Listen to part of a talk in a biology class. The professor is discussing insect behavior.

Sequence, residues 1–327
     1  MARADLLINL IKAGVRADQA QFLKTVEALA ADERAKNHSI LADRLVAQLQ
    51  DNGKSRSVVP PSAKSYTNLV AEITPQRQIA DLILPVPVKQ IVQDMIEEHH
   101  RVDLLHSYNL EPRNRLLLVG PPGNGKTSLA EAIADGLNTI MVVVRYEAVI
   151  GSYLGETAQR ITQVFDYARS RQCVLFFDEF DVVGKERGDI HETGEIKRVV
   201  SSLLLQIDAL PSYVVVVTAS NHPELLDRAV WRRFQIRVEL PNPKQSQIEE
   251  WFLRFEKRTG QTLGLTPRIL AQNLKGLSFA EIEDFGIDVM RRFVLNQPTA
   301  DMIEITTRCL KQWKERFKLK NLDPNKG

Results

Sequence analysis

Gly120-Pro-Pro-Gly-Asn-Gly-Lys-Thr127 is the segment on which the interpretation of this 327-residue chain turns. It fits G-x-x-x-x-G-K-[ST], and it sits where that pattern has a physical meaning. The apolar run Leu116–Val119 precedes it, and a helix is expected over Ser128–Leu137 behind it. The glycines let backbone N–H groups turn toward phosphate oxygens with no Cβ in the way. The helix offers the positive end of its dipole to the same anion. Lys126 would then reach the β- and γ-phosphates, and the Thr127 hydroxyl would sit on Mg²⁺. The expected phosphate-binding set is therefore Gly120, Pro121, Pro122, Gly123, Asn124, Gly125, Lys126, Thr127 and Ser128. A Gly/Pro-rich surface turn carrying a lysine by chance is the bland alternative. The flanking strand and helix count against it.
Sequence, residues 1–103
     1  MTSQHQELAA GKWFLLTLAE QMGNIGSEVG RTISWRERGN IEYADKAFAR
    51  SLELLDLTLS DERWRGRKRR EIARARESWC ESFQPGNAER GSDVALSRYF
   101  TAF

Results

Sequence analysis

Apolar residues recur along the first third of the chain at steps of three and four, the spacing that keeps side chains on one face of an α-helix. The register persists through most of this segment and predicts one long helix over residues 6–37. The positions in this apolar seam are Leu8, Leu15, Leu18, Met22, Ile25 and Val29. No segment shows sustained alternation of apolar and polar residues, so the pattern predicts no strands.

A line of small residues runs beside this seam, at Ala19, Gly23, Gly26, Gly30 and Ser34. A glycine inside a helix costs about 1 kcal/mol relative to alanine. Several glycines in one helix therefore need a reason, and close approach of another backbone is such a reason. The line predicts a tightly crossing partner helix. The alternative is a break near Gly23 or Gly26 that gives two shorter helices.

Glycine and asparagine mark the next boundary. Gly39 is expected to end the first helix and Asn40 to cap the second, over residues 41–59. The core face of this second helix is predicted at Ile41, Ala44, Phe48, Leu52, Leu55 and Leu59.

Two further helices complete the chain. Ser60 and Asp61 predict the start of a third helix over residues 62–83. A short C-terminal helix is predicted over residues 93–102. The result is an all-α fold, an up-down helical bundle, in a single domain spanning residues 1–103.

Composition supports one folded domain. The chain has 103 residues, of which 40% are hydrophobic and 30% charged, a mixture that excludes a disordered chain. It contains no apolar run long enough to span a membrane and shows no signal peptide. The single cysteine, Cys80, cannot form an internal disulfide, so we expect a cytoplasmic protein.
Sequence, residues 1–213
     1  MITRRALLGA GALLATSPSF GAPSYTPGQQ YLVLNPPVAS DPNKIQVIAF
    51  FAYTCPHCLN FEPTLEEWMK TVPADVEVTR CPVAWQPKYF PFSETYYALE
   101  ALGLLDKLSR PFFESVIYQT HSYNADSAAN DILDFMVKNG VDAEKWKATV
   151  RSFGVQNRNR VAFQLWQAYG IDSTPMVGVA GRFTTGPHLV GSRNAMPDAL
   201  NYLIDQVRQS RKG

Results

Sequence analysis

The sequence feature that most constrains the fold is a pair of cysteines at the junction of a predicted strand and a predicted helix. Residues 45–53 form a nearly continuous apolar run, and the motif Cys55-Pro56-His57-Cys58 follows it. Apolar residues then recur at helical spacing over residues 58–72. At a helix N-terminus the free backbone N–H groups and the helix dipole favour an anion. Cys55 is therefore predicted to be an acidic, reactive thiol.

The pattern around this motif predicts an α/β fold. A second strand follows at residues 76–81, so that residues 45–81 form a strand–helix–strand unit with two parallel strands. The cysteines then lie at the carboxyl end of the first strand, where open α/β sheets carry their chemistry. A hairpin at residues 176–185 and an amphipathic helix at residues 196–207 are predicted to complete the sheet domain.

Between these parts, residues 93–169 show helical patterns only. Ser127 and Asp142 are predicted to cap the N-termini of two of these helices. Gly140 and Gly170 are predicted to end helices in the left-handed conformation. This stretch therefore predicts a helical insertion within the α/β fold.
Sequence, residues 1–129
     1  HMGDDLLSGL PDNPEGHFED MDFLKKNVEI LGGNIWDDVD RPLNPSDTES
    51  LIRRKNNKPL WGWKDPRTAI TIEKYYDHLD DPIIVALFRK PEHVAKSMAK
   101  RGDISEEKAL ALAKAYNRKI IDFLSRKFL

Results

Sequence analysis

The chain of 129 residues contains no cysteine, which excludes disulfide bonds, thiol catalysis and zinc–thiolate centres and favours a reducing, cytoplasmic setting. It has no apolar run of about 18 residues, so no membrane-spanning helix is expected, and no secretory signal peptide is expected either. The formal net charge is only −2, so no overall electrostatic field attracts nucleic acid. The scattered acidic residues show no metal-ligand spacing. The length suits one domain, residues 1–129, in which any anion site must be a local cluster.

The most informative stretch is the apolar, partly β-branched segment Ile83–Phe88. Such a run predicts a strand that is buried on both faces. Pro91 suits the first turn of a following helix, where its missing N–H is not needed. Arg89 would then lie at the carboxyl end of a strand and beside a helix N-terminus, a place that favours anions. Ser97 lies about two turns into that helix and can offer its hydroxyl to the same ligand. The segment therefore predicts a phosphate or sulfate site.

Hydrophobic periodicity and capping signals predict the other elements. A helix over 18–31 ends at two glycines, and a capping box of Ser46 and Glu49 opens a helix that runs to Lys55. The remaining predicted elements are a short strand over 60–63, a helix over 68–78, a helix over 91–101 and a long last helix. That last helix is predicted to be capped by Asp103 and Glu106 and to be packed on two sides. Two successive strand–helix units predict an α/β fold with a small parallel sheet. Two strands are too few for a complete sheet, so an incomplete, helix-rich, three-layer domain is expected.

Today we’re going to continue our discussion of social insects, focusing on the Argentine ant, which, as you might guess, is a species of ant that’s native to Argentina. Well consider what happened to this type of ant after some members of this species moved to California from their original habitat. OK, Well, in Argentine, these Argentine ants behave like most ants species around the world. They fight other ants of the same species if those ants are from some other nest. But the Argentine ants living in Californian behave differently. Ants from different nests form a single large colony. Within this colony there is little aggression among ants from different nests. And when they fight in sex from outside their colony, the Argentine ants can quickly recruit a huge army from their network of nests. This of course gives them advantage over other ant species. So then, why do Argentine ants behave differently in California than they do in Argentine? Well, using genetic testing, researchers found that all the Argentine ants in California, their population must’ve been very small. And all the later generation of Argentine ants there must’ve descended from the same few ancestors. So they’re all closely related. This discovery is important because for most social insects, membership in a colony is based on how closely related they’re genetically.